Eleven years have gone by since I first came to Scarleteen as a very frightened, very lost sixteen year-old who had nowhere else to go and was ready to give up altogether.
I don't remember now what I wrote or what I asked for. But I will never forget seeing a response from Heather which read "I believe you, and I care."
As you may know, we started our major fundraising drive for the year this month. Our goal, for the year, is to raise just over $40,000 from new donors in order to best sustain, support and grow our organization.
Since we began the drive on the 13th, you've helped us raise just over $5,000. If the donors who chose to give monthly all keep that up for the year, that will get us to $8,500 of the total funds we need. Hooray!
We sometimes deal with a tough situation in direct service: a user comes in, and reports having contracted an STI; a user who also isn't a first-time user of our site or services, and who, in a previous conversation with us about pregnancy risks, blew off also talking about STIs and safer sex and turned down help we offered to them to reduce their STI risks, not just pregnancy risks.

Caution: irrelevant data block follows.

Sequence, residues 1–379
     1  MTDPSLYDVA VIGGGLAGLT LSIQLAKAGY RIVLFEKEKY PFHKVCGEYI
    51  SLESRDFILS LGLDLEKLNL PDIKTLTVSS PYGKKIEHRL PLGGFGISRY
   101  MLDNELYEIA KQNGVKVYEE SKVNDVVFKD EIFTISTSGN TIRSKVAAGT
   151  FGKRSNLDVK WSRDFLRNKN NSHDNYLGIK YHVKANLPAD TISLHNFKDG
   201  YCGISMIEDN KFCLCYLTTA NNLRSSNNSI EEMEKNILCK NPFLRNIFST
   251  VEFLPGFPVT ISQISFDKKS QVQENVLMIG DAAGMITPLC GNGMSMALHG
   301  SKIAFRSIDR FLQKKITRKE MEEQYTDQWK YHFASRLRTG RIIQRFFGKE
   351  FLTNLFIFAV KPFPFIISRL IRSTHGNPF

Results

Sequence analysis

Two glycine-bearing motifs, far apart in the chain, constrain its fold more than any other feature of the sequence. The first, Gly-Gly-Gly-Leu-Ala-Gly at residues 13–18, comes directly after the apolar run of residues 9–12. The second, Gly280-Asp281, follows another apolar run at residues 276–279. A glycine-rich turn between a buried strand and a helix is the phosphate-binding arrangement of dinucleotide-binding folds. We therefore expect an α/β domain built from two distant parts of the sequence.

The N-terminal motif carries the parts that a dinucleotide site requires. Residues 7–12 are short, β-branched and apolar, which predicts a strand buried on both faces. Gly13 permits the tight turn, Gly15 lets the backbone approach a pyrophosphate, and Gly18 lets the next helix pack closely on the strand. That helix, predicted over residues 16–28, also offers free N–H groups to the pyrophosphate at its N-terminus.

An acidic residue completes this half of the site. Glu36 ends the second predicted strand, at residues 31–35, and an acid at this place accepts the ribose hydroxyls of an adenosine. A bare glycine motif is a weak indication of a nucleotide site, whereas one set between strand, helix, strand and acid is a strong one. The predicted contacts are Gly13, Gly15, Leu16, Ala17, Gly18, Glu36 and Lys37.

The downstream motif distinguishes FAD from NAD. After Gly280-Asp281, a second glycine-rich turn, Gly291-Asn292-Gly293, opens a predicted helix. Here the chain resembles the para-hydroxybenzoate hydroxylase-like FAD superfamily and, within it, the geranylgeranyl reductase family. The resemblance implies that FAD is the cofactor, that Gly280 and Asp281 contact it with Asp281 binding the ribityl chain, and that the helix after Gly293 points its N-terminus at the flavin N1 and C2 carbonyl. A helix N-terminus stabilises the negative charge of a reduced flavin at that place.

This is one of those things where there's no joy or pride in being right: it stinks to be right about someone getting any kind of illness and being unhappy.
Since the first time I had it inserted, the technology of the implant has changed a little bit, for the better. When it was developed, Implanon was a thin plastic rod that couldn't be seen on x-rays - so if there was a question about whether it had been placed in the right spot, there wasn't really a way to tell. The insertion device was also pretty intimidating-looking.
Nexplanon, the newer version, has fixed both of those issues.
When one person walks up to another person on the street and just starts punching them in the face, we don't call it boxing. We don't call it "unwanted boxing." We call it assault.
It occurs to me that the "we both forgot to use condoms" thing that comes up often enough is a bit like suggesting that a person forgot to wear pants.
For a whole day.
And didn't notice.
I don't celebrate most holidays, but I've always been a fan of New Year's. New Year's Day, actually, more than New Year's Eve. I relish fresh starts and new beginnings.
Patsy Niklas is someone I consider myself privileged to know in person. Until recently, she worked as the program manager for YEAH (Youth Empowerment Against HIV/AIDS) in Melbourne, coordinating volunteer training and taking care of the organisation's social media.
Now she works with the Foundation for Young Australians on their Young People Without Borders project, helping young Australians get involved in volunteering and activism. In addition to all that, she hosts a weekly show about sex and relationships on Melbourne's youth-run radio station, SYN.